The jumper. Here’s a wonderful specimen of Harpegnathos saltator, a wonderful ant species. Like the species we study, Cerapachys biroi, a few labs are doing molecular biology with H. saltator - we may soon know some really shocking stuff about this ant!
Here’s a male (with some workers) I found in one of my colonies today. Our species is ostensibly clonal (all-female genetically identical societies), so there should be no males at all, but here they are. We don’t know how they arise. Maybe some females have a mutation that cause the eggs they lay to develop into males? Or maybe females are always capable of laying eggs that give rise to males, but only do so under certain climatic conditions or certain times of year? I’d *love* to know. Click the images to see them bigger - I worked really hard on the top two! Note the larvae in the bottom image. (Hymenoptera, Formicidae, Cerapachys biroi; New York, New York)
And PS that was my 100th post! I’ll try to make sure there are 100 more.
One of the things that first drew me to ants is the existence of castes. Raised side by side, two sisters from the same genetic background can develop into morphologically distinct types of adults - minor workers, major workers, and even queens - simply on the basis of nutrition. Here we have small and large worker pupae of Cerapachys biroi. They are clones (genetically identical!), but must have been raised differently - the large one has eyes, while the small one completely lacks them! (Hymenoptera, Formicidae, Cerapachys biroi; New York, New York)
This ant is in the genus Stigmatomma. It’s in the subfamily Ambyloponinae, and this is the first member of that strange group that I’ve ever seen. They’re specialized predators of centipedes. These ants are sometimes called “vampire ants” because the adults only means of getting food is by sucking blood of the larvae. And it’s crazy looking! (Hymenoptera, Formicidae, Stigmatomma sp.; Millbrook, New York)
I now have in my care a colony of 297 (3 died) workers of Cerapachys biroi. Hopefully we’ll be doing some serious genetics with them in the coming months. Here they’re eating pupae of Solenopsis invicta, which is great because that’s the ant I’ve been studying for the last few years. Moving up in the world… (Formicidae, Cerapachys biroi; New York, New York)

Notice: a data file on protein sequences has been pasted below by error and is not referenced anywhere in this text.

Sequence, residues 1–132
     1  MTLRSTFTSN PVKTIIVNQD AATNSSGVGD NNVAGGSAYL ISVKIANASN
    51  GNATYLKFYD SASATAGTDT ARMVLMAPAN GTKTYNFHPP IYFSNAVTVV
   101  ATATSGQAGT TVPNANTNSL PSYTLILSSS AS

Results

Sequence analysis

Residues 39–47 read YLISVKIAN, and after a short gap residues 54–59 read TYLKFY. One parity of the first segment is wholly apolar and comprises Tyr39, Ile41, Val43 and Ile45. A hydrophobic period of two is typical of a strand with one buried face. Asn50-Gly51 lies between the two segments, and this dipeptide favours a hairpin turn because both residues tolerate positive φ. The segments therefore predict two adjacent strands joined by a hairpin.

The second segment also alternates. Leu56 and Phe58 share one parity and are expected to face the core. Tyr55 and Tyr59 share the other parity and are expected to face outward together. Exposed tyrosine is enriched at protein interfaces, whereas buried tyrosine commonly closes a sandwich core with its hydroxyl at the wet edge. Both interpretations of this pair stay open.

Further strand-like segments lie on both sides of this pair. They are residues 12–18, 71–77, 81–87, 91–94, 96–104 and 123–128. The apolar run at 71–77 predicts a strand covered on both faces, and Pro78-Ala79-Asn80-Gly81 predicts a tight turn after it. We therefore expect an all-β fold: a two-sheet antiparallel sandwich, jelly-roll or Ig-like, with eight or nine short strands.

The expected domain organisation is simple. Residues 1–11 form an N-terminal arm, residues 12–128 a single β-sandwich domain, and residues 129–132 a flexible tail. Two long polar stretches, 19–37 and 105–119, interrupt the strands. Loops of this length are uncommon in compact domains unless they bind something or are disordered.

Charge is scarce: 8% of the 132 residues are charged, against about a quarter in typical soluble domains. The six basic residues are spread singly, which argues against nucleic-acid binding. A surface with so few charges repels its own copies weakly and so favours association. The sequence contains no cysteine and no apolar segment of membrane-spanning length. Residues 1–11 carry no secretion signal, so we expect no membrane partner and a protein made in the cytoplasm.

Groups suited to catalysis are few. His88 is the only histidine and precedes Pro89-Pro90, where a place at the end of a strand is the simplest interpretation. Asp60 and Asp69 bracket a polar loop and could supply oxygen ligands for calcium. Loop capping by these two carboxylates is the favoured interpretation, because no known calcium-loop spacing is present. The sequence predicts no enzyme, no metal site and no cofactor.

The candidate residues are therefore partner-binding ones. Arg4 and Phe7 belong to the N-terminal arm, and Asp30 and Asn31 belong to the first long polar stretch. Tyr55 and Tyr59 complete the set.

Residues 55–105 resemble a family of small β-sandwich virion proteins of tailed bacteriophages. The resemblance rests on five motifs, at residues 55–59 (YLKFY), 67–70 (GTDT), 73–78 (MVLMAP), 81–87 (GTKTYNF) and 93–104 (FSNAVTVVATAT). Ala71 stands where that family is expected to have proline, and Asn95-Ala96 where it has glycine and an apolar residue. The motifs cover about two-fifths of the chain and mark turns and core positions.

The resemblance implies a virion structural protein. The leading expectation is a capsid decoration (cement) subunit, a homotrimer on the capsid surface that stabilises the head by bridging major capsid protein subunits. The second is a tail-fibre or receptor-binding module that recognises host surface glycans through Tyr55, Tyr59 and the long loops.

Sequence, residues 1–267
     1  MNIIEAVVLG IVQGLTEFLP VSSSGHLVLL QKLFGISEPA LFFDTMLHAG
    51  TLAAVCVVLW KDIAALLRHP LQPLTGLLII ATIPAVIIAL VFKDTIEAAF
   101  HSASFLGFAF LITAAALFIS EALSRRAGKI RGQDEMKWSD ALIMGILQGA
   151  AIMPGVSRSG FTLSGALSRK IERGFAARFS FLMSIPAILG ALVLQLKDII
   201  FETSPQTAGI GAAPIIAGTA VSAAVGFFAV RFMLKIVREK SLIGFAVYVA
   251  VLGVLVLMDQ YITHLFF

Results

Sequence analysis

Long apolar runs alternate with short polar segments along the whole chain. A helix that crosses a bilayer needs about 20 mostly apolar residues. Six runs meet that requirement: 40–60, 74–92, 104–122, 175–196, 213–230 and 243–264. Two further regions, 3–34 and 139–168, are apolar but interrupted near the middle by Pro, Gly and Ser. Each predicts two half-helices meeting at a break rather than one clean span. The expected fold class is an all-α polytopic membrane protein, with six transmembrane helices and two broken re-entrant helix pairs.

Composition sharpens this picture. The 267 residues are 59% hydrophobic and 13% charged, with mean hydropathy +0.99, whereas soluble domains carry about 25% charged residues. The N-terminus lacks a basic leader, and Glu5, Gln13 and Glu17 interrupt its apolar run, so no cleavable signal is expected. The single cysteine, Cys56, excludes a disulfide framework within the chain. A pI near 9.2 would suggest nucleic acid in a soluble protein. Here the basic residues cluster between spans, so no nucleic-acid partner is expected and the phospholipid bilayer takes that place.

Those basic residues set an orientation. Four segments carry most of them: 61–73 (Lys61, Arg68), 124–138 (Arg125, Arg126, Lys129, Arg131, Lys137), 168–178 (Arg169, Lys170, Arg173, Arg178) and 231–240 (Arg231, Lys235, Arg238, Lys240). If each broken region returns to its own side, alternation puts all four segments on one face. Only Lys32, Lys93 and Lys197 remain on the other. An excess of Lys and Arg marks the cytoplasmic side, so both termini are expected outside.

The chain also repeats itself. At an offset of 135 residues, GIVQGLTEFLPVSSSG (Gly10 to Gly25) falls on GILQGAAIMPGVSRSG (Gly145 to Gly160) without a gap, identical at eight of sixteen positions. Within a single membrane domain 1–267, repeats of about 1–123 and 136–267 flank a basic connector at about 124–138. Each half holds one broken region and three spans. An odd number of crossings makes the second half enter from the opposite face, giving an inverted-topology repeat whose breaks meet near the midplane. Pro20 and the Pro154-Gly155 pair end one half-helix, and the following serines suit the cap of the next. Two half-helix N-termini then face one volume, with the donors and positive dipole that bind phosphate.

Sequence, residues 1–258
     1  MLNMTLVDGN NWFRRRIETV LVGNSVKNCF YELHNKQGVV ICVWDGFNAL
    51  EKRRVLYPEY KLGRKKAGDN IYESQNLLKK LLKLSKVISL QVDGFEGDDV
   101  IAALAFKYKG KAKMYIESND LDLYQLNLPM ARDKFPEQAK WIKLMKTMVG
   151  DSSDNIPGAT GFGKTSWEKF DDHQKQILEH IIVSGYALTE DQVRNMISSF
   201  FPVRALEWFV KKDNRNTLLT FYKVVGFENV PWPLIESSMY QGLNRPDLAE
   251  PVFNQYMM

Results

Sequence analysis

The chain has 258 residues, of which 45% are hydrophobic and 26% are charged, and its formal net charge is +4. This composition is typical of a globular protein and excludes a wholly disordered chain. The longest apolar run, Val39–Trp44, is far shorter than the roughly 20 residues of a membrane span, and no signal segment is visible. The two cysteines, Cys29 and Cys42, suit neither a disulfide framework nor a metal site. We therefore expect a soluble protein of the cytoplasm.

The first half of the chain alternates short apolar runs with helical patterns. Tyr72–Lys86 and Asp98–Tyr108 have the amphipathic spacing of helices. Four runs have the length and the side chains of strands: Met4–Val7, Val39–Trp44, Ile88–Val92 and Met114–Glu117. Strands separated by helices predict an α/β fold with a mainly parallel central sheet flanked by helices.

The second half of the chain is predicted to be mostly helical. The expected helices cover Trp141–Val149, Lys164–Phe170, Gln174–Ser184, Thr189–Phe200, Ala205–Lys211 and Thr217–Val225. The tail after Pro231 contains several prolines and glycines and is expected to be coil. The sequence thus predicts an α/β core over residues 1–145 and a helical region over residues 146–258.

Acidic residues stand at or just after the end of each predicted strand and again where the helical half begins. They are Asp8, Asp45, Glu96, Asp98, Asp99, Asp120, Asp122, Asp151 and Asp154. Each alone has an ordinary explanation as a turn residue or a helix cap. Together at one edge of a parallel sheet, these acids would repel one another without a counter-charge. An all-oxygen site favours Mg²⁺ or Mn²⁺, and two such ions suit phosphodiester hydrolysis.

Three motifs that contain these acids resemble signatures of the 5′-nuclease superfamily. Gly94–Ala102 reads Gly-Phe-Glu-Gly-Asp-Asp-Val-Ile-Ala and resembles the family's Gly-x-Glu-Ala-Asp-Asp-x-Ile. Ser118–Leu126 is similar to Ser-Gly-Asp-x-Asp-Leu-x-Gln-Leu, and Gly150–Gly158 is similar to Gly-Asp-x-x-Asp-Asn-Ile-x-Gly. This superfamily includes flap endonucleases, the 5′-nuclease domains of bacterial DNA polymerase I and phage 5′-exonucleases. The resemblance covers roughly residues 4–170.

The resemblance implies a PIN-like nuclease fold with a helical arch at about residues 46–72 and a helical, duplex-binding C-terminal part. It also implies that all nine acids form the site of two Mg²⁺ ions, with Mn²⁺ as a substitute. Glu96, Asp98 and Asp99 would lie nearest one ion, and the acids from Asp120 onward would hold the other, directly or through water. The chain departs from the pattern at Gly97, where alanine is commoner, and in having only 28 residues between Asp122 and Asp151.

Dung beetle has dung. (Coleoptera, Scarabaeidae; Hawley, Pennsylvania)
This carpenter ant was hiding. They had a nice trail that was covered at most parts, but at parts like this one, they had to run across open space. When I stepped back a few feet there was a lot of activity, but when I got close all of the ants hid under cover. (Hymenoptera, Formicidae, Camponotus sp.; Hawley Pennsylvania)
Sphecid wasp. It’s basically sleeping as I take this photograph (at dusk), with its jaws clamped onto the leaf to hold on. (Hymneoptera, Sphecidae, Ammophila (?); Tappahannock, Virginia)
This is just great. Here’s the coolest ant I’ve found in the last year. It’s not at all common, a member of a rare subfamily called Proceratiinae. Very little is known about them and, in fact, a quick search on antweb, bugguide, and the global ants database didn’t even find records of this subfamily occurring in Virginia. They have a stinger that points forward, perhaps because they are specialized predators of spider eggs. See here for info: http://www.antweb.org/description.do?name=proceratium&rank=genus&project=allantwebants. Yet, never outdone, my little sister upstages even the coolest of ants. (Formicidae, Proceratiinae, Proceratium; Tappahannock, Virginia)
The enduring goal of scientific endeavor, as of all human enterprise, I imagine, is to achieve an intelligible view of the universe. One of the great discoveries of modern science is that this goal cannot be achieved piecemeal, certainly not by the accumulation of facts. To understand a phenomenon is to understand a category of phenomena, or it is nothing. Understanding is achieved through creative acts.” - Alfred Herschel
I really like this. From the Principles of Virology introduction. You should listen to the This Week in Virology podcast.
Heh. I was trying to figure out a way to visualize my data and accidentally made this graph. This is all of the data from my fire ant sociometry. For each of the 32 colonies I used in my analysis, it has approximately 35 measures of things like colony mass, number of queens, number of larvae. Kinda shows you how meaningless “big data” is without an actual human there to interpret it. (Abstract nonsense; Fredericksburg, Virginia)
I think this is an elephant mosquito. If so, it’s cool. Typically only female mosquitos bite, and they do so to get energy to make eggs. These mosquitos don’t bite, though, because they have predatory larvae, so they get their nutritional needs met before adulthood. That might also be why they’re some of the largest mosquitos on earth and have bizarre-looking mouthparts. (Diptera, Culicidae, Toxorhynchites (?); Athens, Georgia)
HOLY COW! Ron Carroll, Associate Dean of Ecology & ant biologist (fire ants nonetheless!) just gave me the nicest gift ever. = 0! (Hymenoptera, Formicidae, Phiedole spp.; Athens GA)
Same mantis, maybe in a cheerier light. (Mantodea, Mantidae; Yonah Mountain, Georgia)
Robberfly. (Diptera, Asilidae; Yonah Mountain, Georgia)